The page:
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A traditional way of proving the aperiodicity of a tiling is to show that a tiling can be "deflated" so that groups of smaller tiles are converted into a larger, single tile from the prototile set.

People then go on to say that "Since symmetries of a tiling apply also to its deflations, translational symmetries should apply to deflations of a tiling." So, if some translational symmetry works by moving every tile in some direction by some specific amount, they say that you can deflate the tiling until two of the points being translated fall within the same tile and since this isn't (trivially) a symmetry, the tiling is aperiodic. For example, they do it here, when proving the aperiodicity of an outstounding tiling.

Why is "symmetries of a tiling apply also to its deflations" true? For example, imagine a regular square lattice and I choose a translational symmetry of this (of which there are an infinite) where every square is moved to the one just right of it. But then, I deflate the tiling by repeatedly grouping four adjacent tiles into larger 2x2 squares until there are two points which are moved by the translation which stay within the same square. This would suggest, by the logic above, that the original translation was contradictory and thus that square lattices are aperiodic (they are clearly not).

What am I failing to understand?

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The property that hasn't been explicitly mentioned (and is necessary for precisely the reason you mention) is what is called recognisability or the unique composition property. That is, there exists a radius $R$ such that for any patch of tiles admitted by the inflation rule of radius at least $R$, there is exactly one way to 'recognise' into which inflated supertiles the patch can be decomposed.

Your square example is a standard one which shows that, if this property fails (there are always exactly four ways to decompose any admitted patch in inflated supertiles for any given $R$), then the tiling must have a period.

The idea is the following: Suppose $T$ is a tiling admitted by our inflation rule $\phi$ which has a period $x \neq 0$ so that $T = T+x$. Suppose that $\phi$ is also recognisable, with recognisability radius $R$. For simplicity, suppose that $R$ is much larger than $x$, which we can happily do as if $\phi$ is recognisable with radius $R$, then it is certainly recognisable with radius $R'>R$.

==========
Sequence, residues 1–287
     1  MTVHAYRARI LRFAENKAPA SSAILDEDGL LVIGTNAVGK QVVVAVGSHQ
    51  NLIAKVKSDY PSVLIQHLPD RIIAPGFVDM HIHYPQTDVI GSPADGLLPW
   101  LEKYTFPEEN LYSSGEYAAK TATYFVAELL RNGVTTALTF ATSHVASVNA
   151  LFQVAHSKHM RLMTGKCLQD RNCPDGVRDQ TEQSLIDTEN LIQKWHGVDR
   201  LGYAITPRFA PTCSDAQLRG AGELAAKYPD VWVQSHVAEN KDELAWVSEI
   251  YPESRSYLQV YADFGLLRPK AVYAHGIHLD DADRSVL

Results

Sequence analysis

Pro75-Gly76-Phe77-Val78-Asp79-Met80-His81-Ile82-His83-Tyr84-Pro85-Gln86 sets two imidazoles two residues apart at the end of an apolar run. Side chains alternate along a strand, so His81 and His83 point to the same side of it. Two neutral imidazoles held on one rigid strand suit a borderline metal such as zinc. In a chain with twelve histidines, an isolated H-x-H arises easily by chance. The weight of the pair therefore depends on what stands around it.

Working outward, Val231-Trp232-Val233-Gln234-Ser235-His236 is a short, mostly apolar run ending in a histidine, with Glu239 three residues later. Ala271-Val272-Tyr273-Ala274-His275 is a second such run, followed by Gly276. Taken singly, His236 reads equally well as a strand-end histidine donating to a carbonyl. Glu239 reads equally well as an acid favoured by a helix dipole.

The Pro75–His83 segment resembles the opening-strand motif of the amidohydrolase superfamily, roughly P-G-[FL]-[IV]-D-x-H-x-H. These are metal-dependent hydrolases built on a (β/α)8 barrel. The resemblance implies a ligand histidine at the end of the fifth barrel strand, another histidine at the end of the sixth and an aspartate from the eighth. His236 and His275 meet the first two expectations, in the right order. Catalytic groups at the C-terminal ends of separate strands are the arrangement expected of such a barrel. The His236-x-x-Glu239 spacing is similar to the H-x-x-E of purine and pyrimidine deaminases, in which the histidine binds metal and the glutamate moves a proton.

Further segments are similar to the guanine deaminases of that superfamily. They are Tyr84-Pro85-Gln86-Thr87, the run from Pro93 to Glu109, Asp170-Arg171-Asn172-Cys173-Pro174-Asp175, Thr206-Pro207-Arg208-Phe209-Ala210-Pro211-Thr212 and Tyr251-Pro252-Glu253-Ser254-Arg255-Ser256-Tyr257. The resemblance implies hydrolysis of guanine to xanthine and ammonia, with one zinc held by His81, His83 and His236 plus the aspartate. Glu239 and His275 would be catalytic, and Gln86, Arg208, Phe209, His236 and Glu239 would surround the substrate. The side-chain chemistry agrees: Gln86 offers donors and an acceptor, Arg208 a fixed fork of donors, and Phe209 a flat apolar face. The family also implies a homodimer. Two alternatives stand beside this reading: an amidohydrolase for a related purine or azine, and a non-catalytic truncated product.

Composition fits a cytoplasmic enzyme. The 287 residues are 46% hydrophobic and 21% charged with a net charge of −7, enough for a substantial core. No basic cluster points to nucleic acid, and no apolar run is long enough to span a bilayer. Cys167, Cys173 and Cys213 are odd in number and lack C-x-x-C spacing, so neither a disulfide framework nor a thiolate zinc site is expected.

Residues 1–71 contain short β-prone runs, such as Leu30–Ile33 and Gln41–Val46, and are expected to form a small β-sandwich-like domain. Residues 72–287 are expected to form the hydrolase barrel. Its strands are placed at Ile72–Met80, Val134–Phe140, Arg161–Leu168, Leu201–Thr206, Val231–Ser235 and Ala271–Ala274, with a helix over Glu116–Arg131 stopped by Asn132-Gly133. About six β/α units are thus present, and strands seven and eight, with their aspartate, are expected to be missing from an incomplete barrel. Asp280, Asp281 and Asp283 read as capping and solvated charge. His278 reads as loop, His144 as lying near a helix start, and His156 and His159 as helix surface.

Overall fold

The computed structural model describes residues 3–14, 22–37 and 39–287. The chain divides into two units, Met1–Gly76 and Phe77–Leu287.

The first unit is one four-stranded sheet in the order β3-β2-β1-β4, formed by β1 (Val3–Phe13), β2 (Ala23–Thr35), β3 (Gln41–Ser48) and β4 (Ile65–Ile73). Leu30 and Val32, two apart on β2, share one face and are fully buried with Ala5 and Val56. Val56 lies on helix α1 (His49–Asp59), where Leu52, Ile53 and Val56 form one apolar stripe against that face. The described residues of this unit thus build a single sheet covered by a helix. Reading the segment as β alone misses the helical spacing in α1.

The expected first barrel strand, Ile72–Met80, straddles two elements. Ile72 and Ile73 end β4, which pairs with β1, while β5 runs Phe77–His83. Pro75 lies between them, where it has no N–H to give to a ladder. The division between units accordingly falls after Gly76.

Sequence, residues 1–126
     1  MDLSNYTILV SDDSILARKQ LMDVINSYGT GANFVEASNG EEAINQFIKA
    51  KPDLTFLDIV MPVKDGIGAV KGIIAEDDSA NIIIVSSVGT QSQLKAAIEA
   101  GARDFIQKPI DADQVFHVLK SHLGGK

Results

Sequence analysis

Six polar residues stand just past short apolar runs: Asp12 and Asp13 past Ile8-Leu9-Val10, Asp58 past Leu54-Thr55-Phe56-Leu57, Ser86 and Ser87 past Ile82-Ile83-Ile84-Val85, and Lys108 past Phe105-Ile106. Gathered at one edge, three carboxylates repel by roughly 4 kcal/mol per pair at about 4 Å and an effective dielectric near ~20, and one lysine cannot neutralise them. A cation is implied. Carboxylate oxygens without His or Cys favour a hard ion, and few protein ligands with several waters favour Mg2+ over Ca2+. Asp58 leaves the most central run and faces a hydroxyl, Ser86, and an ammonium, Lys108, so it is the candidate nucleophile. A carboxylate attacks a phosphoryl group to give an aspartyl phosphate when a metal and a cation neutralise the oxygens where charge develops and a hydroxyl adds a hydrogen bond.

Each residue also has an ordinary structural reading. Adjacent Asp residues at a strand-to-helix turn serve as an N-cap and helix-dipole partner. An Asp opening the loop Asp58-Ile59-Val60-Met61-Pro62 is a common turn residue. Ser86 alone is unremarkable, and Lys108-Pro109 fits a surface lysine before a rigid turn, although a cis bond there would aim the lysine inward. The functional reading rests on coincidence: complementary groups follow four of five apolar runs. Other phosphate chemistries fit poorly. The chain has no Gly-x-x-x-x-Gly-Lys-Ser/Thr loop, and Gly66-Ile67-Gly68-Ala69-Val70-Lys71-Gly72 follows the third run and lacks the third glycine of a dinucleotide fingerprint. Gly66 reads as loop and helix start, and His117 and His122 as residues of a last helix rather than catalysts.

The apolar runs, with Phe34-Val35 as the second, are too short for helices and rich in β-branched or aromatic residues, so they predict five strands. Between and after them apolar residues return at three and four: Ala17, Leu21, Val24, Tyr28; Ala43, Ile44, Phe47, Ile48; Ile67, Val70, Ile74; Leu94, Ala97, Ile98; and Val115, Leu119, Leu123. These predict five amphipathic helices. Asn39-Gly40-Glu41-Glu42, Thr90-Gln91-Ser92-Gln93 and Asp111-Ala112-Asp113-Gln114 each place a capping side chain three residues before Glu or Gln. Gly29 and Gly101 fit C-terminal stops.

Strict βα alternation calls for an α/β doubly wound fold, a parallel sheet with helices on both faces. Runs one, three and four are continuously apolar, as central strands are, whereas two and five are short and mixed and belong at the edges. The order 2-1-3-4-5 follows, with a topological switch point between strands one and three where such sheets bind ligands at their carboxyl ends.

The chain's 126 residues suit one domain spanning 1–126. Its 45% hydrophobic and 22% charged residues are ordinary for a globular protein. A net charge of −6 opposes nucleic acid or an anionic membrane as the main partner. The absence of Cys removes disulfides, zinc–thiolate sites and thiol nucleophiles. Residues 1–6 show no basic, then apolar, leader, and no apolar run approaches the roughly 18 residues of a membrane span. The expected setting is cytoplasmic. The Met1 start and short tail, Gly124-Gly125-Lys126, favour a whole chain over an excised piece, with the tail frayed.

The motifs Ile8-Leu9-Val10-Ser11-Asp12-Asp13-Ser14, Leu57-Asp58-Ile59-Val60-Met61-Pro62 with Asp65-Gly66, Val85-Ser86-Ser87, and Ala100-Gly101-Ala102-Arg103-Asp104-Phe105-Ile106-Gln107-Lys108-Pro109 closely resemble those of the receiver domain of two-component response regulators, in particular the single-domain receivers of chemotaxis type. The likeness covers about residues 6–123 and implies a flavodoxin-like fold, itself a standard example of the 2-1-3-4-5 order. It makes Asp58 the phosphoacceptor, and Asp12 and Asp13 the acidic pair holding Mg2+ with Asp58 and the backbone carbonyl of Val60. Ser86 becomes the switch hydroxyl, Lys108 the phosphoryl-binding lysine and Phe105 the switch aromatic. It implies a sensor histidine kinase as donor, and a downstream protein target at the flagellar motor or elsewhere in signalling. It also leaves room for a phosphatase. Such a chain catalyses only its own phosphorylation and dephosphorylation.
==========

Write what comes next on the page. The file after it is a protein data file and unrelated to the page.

Let $P$ be a patch of tiles in $T$ with radius $R+x$. Then by recognisability, there exists a unique way to decompose the patch $P$ into a patch of supertiles $P^{(1)}$. But note that the patch of supertiles $P^{(1)} + x$ must also be a decomposition of (some slightly smaller, but still of radius $R$ sub-patch of) $P$, and so we potentially have a problem, as this would imply that the patch is not recognisable.

We need to be careful though as it is possible that $P^{(1)}$ and $P^{(1)} +x$ actually coincide as patches of supertiles on their overlap, in which case we haven't yet found a contradiction. In such a case, we instead look at iterating the inflation rule, and so look at $\phi^n$ for some large enough $n$. As long as $n$ is large enough, we can be sure that all supertiles of level $n$ have inner-radius larger than $x$, and hence it is impossible for $P^{(1)}$ and $P^{(1)} +x$ to coincide on the slightly smaller subpatch, meaning we really have found a way of decomposing the subpatch into more than one patch of inflated supertiles - contradicting recognisability.


I should mention that this is the easy direction. Boris Solomyak proved that the converse also holds in a very general setting in his paper

Solomyak B., Nonperiodicity implies unique composition for self-similar translationally finite Tilings, Discrete Comput Geom (1998) 20: 265.

Theorem: A finite local complexity inflation rule is recognisable if and only if all tilings admitted by the inflation rule have trivial group of translational symmetries.

(Example 1 in his paper is exactly the square lattice substitution you mention.)

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  • $\begingroup$ This was very helpful, thank you! $\endgroup$ – Isky Mathews Nov 23 '17 at 20:23

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